BACKGROUND: The use of percutaneous coronary intervention (PCI) to treat unprotected left main coronary artery disease has expanded rapidly in the past decade. We aimed to describe nationwide trends in clinical practice and outcomes after PCI for left main coronary artery disease. METHODS AND RESULTS: Patients (n=4085) enrolled in the SCAAR (Swedish Coronary Angiography and Angioplasty Registry) as undergoing PCI for left main coronary artery disease from 2005 to 2017 were included. A count regression model was used to analyze time-related differences in procedural characteristics. The 3-year major adverse cardiovascular and cerebrovascular event rate defined as death, myocardial infarction, stroke, and repeat revascularization was calculated with the KaplanMeier estimator and Cox proportional hazard model. The number of annual PCI procedures grew from 121 in 2005 to 589 in 2017 (389%). The increase was greater for men (479%) and individuals with diabetes (500%). Periprocedural complications occurred in 7.9%, decreasing from 10% to 6% during the study period. A major adverse cardiovascular and cerebrovascular event occurred in 35.7% of patients, falling from 45.6% to 23.9% (hazard ratio, 0.56; 95% CI, 0.41–0.78; P=0.001). Radial artery access rose from 21.5% to 74.2% and intracoronary diagnostic procedures from 14.0% to 53.3%. Use of bare-metal stents and first-generation drug-eluting stents fell from 19.0% and 71.9%, respectively, to 0, with use of new-generation drugeluting stents increasing to 95.2%. CONCLUSIONS: Recent changes in clinical practice relating to PCI for left main coronary artery disease are characterized by a 4-fold rise in procedures conducted, increased use of evidence-based adjunctive treatment strategies, intracoronary diagnostics, newer stents, and more favorable outcomes.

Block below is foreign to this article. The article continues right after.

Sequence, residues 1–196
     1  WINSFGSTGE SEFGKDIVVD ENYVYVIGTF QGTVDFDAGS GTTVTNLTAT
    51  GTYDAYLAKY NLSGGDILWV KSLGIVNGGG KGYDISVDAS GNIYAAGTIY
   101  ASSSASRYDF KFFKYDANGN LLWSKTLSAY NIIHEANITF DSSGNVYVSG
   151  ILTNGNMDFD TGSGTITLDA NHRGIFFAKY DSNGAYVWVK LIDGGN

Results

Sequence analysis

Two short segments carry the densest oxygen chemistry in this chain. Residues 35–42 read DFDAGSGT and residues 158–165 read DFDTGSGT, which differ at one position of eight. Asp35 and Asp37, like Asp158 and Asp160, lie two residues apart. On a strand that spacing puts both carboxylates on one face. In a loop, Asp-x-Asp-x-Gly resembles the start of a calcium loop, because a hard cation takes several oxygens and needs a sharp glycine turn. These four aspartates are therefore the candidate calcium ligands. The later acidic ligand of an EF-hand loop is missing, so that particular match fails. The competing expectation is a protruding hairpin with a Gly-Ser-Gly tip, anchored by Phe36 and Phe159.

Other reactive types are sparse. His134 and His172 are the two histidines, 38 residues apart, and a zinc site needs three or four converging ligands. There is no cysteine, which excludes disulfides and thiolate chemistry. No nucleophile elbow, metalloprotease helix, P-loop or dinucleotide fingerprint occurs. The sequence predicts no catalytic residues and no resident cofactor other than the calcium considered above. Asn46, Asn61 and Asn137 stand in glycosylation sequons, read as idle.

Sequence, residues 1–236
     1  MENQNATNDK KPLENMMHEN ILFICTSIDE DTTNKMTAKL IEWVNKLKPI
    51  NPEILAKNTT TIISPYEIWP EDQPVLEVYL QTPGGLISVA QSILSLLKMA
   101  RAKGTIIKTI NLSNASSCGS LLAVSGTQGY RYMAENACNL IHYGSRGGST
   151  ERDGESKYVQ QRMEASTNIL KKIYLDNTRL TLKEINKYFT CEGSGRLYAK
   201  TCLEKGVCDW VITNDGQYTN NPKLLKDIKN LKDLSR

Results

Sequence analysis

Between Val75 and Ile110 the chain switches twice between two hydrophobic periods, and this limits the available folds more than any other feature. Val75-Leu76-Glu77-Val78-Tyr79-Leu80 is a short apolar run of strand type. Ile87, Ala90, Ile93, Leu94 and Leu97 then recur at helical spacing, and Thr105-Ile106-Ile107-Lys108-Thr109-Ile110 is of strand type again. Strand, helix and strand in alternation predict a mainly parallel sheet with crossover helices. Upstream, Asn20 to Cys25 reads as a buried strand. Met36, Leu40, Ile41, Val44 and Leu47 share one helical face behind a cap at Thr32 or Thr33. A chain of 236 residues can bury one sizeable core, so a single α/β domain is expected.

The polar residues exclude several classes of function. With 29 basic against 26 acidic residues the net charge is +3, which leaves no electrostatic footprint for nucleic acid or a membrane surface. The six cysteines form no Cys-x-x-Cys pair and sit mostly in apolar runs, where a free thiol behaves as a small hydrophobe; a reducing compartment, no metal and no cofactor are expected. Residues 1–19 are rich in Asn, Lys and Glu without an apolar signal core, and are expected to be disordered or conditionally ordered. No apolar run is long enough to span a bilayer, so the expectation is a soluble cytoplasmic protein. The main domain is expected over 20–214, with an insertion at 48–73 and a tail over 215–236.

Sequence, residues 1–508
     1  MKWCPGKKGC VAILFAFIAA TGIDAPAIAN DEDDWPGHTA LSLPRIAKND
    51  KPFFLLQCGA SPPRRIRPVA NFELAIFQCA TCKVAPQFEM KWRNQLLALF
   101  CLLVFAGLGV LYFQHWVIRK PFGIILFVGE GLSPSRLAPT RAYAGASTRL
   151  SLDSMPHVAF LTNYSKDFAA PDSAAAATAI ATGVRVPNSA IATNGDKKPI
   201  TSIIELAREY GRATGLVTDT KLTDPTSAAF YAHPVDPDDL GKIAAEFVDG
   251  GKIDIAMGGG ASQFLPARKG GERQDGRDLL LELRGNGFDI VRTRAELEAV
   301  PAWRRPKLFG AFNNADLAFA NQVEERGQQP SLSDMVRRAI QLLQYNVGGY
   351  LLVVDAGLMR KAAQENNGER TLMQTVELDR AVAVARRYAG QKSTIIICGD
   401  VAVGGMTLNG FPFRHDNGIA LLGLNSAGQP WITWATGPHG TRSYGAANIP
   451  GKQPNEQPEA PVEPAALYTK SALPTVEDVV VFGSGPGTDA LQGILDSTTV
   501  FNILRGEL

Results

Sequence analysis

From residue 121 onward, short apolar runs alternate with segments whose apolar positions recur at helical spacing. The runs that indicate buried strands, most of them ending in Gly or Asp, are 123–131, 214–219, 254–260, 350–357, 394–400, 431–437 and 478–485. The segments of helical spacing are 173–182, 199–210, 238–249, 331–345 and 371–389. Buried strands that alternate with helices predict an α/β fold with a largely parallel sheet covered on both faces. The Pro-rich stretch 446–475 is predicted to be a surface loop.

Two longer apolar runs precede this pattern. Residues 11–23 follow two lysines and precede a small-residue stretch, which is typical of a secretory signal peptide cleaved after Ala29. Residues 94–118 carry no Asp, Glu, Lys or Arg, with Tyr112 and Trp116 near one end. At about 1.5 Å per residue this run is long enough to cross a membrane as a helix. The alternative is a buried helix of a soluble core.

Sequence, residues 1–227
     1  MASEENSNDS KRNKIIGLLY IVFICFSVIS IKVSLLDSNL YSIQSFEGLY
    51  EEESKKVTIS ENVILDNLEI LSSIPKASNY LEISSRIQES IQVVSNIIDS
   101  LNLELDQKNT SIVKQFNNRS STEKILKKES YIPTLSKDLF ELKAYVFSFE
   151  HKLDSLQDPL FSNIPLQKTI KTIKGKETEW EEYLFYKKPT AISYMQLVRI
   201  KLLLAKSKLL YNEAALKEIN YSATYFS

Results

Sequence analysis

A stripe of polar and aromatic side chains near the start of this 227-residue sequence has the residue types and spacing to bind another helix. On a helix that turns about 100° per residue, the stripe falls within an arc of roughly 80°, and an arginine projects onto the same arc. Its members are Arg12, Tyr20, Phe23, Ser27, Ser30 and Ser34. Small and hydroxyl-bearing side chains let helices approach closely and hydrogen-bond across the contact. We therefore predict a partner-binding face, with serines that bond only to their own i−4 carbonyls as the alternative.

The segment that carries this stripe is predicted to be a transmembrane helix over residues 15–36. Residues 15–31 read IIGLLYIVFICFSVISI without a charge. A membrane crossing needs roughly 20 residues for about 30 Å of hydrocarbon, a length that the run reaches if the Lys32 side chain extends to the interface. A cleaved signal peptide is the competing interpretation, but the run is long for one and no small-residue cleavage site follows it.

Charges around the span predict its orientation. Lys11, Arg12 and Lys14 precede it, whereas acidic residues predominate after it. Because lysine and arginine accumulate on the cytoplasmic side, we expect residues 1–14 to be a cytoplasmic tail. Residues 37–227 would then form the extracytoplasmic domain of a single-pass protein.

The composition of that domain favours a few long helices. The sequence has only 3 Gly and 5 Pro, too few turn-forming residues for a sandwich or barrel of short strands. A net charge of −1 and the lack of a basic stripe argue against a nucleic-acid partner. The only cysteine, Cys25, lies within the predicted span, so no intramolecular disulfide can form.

Subject classification (UKÄ)
- Cardiac and Cardiovascular Systems
- unprotected left main coronary artery disease